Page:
UIS will soon offer two NCBI programs: the Prejudice Reduction Workshop and the Controversial Issues Process Workshop. Prejudice Reduction Workshop: This award-winning workshop consists of a series of incremental, participatory activities that empower individuals of all ages and backgrounds to take leadership in building inclusive communities in their workplaces and neighborhoods. It teaches people, for example, to celebrate their similarities and differences and recognize the misinformation that people have about various groups. Controversial Issues Process Workshop: The Controversial Issue Process was designed to train leaders to deal with tough controversial issues in a way that builds bridges. It provides a structured methodology for airing and listening to entrenched positions on both sides of an issue and then reframing the issue to take the concerns of both sides into account. The NCBI Controversial Issue Process gives leaders a new way to take on some of the most heated controversies: abortion, death penalty, employment equity, gay-lesbian marriages, assisted suicide. Discussing these emotional issues is so difficult for even the most seasoned leaders, because the question they raise challenge core cultural and religious beliefs.
The UIS Bonner Leader's Program will select up to eight students who attain unconditional admission to UIS for scholarships through the program. To be chosen, students must submit an application to the UIS Diversity Center, demonstrate an interest in community service, apply for need-based financial assistance through the UIS Office of Financial Assistance, and represent diversity. The mission of the Bonner Leader Program is to transform the lives of students and members, the life of their campuses, their local communities, and the world through service and leadership. The Bonner Program is designed to heighten the overall education students and members receive by asking them to engage in ongoing service work and helping them develop the experience, skills, knowledge and values necessary to make that work meaningful and lasting. Students are eligible to receive up to $4,000 annually for tuition and education expenses such as books, living expenses, and fees. Bonner Leaders are also encouraged to enroll in a two-year term with the Bonner AmeriCorps program and complete 900 hours of service during that time period. Upon successful completion of the term of service, the students will receive the AmeriCorps Education Award from the National Service Trust, which can be used to repay student loans, pay current educational expenses, or pay for future education at an institution of higher learning. For Further information, please contact: 217-206-6333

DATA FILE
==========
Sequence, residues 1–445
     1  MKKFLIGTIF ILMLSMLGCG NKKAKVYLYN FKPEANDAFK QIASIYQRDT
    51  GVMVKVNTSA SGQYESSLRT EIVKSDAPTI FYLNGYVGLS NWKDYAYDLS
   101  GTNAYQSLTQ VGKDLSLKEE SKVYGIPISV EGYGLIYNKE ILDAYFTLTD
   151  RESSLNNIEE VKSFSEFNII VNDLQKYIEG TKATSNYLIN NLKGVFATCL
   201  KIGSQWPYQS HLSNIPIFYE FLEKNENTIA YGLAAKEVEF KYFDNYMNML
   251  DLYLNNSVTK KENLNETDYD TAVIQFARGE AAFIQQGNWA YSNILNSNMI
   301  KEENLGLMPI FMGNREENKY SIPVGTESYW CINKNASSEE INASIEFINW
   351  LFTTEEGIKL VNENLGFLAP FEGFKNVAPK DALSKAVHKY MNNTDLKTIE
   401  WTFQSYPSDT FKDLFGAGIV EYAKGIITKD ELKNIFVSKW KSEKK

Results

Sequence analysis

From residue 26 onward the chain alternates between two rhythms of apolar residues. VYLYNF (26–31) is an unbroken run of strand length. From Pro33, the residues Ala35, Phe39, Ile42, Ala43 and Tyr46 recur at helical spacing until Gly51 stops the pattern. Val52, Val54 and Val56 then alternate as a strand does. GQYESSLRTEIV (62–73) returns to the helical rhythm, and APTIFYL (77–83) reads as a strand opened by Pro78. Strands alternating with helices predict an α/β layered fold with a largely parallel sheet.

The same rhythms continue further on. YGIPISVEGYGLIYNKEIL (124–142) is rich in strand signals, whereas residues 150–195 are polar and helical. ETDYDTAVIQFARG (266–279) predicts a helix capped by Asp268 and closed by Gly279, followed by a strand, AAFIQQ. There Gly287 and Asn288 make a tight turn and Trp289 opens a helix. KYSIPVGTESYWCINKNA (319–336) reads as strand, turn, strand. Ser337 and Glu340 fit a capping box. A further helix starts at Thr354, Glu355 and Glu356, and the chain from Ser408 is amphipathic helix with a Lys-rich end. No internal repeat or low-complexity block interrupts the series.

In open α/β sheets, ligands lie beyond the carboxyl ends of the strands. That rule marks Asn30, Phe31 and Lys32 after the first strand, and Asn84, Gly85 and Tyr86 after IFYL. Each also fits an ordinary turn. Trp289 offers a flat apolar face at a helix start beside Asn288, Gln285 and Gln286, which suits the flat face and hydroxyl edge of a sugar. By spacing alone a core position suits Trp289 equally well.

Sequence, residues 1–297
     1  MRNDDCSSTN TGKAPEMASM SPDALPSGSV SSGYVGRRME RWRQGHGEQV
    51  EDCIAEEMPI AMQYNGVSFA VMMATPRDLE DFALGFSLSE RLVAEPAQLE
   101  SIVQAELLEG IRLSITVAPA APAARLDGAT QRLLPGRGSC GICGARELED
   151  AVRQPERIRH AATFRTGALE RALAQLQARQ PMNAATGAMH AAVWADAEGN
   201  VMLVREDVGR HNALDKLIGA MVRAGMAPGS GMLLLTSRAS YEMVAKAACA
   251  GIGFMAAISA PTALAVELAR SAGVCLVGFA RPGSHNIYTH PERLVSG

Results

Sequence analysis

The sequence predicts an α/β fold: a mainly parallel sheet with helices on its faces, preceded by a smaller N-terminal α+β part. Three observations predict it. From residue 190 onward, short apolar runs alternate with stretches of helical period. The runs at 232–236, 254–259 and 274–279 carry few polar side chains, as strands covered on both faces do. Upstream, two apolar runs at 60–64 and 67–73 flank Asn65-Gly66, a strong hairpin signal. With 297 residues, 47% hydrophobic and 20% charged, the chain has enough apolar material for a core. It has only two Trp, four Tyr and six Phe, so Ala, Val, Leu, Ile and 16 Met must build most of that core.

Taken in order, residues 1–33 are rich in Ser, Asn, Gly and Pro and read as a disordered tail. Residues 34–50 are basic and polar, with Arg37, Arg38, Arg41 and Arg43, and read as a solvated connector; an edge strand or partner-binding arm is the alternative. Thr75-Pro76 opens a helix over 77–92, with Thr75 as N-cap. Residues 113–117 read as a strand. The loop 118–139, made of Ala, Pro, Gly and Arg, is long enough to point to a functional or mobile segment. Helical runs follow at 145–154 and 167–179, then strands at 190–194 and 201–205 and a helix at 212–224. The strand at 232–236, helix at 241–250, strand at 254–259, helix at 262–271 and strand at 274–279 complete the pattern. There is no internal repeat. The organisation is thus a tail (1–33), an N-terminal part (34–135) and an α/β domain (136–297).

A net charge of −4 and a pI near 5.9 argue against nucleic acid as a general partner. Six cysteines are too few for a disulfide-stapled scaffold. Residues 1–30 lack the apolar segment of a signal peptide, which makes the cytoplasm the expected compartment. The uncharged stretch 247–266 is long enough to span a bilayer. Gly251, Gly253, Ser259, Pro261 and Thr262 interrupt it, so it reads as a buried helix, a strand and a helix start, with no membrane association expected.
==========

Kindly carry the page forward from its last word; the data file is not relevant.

The GLDP is a ten-week, bilateral, government-oriented training program of the United States Hispanic Leadership Institute (USHLI) for student leaders and local public officials. It is designed to bridge the widening gap in American society between citizens and the officials who have been elected to represent them. Students who participate will better understand how government works and have the opportunity to share their ideas with officials for how to better serve the Latino community. Click here for the GLDP application GLDPApp (pdf).
CLDP (Collegiate Leadership Development Program)
The CLDP is a seven-week, interactive, bilateral program for Latino student leaders and UIS staff, faculty, and administrators. It is designed to focus on how to formulate, exercise, and influence policy, especially that which pertains to the outreach, recruitment, and retention of Latino students and staff. The program allows students to meet and interact with university personnel with whom they otherwise might not, and it allows personnel to gather feedback, ideas, and suggestions from students.